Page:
Ingestion of fish bones leading to gastric perforation and liver abscess formation: Case study

Published On 2022-01-25 03:30 GMT   |   Update On 2022-01-25 03:30 GMT

A rare case of Ingestion of fish bones leading to gastric perforation and inducing abscess formation in the caudate lobe of the liver which was successfully treated by laparoscopy was published in the BMC Surgery The presence of foreign materials on or in the liver is uncommon. In general, most ingested foreign bodies pass smoothly through the gastrointestinal (GI) tract. Less than 1%...

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A rare case of Ingestion of fish bones leading to gastric perforation and inducing abscess formation in the caudate lobe of the liver which was successfully treated by laparoscopy was published in the BMC Surgery

The presence of foreign materials on or in the liver is uncommon. In general, most ingested foreign bodies pass smoothly through the gastrointestinal (GI) tract. Less than 1% of patients with intestinal perforation have perforation due to foreign bodies. Endoscopy may be helpful if performed before foreign body migration and mucosal healing. US and CT may help in the diagnosis and treatment planning of these unusual foreign bodies. In China, many foreign bodies may cause severe perforation, including toothpicks, fish bones, dates, and chicken bones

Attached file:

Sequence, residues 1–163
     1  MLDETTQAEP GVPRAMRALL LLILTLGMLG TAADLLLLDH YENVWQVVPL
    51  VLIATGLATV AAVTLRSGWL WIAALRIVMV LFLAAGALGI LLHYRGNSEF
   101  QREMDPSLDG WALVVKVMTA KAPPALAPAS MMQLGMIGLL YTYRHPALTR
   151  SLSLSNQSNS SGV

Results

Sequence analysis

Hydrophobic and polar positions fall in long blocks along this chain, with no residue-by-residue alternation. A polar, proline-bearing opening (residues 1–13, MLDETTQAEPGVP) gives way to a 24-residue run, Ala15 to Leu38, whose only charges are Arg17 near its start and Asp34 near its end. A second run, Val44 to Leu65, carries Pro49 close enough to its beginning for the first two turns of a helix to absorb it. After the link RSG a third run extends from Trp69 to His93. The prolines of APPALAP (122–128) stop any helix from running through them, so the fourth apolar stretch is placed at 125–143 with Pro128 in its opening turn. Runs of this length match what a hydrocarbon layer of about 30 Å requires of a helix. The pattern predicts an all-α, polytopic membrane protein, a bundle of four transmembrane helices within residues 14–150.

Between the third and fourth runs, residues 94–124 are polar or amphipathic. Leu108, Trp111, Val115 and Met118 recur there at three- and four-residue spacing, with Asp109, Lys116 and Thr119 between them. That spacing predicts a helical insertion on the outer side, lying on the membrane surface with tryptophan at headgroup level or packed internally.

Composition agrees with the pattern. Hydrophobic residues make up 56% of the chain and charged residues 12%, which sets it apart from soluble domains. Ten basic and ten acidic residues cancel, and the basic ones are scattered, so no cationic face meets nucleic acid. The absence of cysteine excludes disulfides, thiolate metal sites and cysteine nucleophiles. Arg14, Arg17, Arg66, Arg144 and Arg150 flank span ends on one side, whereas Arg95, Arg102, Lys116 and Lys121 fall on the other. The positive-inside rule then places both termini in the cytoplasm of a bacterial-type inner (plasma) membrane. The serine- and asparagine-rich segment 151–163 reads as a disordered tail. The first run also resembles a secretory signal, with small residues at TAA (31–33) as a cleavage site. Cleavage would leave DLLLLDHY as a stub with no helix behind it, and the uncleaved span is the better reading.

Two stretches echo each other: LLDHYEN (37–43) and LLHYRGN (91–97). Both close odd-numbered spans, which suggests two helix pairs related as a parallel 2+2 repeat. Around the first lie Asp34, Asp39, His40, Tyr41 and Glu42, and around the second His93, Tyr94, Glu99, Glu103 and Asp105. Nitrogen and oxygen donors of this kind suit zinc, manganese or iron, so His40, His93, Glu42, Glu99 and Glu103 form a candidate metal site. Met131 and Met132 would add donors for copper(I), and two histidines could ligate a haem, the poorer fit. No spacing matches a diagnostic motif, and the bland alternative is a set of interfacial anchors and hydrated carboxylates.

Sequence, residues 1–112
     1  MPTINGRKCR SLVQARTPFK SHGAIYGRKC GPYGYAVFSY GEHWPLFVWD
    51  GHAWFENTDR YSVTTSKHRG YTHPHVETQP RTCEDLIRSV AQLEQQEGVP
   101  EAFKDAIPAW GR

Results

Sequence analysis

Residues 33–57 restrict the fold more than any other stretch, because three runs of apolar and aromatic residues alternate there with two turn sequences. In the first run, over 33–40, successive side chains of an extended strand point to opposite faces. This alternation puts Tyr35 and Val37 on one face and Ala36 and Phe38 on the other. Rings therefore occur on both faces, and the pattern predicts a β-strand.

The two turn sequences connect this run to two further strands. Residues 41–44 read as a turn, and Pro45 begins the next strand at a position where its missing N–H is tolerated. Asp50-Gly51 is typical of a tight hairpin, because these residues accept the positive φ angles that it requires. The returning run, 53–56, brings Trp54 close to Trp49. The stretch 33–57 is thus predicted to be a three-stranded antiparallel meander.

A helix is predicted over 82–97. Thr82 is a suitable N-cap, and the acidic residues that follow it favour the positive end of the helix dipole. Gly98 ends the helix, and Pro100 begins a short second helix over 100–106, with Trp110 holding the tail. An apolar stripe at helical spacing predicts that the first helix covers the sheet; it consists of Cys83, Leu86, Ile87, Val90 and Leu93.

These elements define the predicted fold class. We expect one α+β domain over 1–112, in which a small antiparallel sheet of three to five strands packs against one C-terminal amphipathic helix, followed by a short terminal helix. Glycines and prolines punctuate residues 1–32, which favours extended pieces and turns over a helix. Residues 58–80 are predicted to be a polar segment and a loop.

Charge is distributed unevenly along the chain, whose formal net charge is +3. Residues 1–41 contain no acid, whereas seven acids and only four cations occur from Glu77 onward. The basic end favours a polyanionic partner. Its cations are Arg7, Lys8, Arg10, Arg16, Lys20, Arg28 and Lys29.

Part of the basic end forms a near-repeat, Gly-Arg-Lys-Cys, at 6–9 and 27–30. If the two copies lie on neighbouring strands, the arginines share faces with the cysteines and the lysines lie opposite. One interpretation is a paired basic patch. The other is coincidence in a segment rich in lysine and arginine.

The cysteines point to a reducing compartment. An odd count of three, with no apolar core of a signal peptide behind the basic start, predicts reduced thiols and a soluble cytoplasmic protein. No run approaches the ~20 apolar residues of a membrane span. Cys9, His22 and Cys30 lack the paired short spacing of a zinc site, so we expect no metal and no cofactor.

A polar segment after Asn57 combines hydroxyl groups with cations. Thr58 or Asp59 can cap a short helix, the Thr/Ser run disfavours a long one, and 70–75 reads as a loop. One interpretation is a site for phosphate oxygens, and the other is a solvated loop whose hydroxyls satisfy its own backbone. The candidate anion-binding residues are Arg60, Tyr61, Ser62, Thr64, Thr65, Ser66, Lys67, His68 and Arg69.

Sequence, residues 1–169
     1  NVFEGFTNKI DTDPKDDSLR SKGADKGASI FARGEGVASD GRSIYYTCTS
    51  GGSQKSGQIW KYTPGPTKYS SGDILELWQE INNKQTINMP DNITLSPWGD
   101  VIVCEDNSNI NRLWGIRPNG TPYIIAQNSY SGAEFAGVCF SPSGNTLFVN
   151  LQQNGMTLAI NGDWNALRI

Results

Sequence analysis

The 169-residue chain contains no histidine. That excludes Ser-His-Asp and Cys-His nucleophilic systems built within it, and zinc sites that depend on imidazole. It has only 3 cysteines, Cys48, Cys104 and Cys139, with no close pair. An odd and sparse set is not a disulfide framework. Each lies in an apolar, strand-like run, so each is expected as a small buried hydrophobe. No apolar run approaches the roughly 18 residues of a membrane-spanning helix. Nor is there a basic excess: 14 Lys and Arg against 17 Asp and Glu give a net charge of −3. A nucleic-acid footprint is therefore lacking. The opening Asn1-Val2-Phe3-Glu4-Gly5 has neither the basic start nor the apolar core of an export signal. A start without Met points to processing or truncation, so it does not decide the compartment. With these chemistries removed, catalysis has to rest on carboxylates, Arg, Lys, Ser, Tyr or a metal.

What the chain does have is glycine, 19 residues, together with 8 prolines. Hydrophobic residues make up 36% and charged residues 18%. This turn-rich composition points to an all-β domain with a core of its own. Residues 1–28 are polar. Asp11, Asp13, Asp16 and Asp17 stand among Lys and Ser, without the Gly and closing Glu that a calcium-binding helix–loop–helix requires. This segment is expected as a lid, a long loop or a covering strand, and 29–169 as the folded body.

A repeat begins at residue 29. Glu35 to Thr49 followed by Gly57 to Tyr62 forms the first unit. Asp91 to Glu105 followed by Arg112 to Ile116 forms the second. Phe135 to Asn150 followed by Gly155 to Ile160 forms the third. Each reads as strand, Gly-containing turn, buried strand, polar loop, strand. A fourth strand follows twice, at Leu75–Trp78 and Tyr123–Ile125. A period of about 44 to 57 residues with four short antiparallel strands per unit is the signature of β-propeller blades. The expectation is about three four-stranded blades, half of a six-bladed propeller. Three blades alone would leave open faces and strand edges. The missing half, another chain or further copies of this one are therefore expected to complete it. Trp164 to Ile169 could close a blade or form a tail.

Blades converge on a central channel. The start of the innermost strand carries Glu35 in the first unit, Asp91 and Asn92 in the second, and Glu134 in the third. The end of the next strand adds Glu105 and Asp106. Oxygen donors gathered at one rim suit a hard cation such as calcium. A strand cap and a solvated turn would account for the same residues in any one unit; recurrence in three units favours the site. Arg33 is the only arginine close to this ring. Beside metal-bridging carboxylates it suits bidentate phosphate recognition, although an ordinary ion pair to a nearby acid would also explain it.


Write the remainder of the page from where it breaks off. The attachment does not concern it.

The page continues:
Case presentation

A 67-year-old man presented to our hospital with a 2-day history of subxiphoid pain. There were no specific symptoms other than pain. Laboratory tests showed only an increase in the number and percentage of neutrophils. Contrast-enhanced Computerized tomography (CT) of the abdomen showed two linear dense opacities in the gastric cardia, one of which penetrated the stomach and was adjacent to the caudate lobe of the liver, with inflammatory changes in the caudate lobe. We finally diagnosed his condition as a caudate lobe abscess secondary to intestinal perforation caused by a fishbone based on the history and imaging findings. The patient underwent 3D laparoscopic partial caudate lobectomy, incision and drainage of the liver abscess, and fishbone removal. The procedure was successful and we removed the fishbone from the liver. The patient was discharged on the 9th postoperative day without other complications.

Thus, the researchers concluded that liver abscess caused by foreign bodies requires multidisciplinary treatment. Especially when located in the caudate lobe, one must detect and remove the cause of the abscess as early as possible. Foreign bodies that perforate the gastrointestinal tract can penetrate to the liver and cause abscess formation, as in this case. When exploring the etiology of liver abscesses, one should investigate the general condition, including the whole gastrointestinal tract.

Reference:

Liver abscess in the caudate lobe caused by a fishbone and treated by laparoscopy: a case report by Feng Xia, Peng Zhu et al. published in the BMC Surgery.

https://bmcsurg.biomedcentral.com/articles/10.1186/s12893-021-01457-z


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Article Source : BMC surgery

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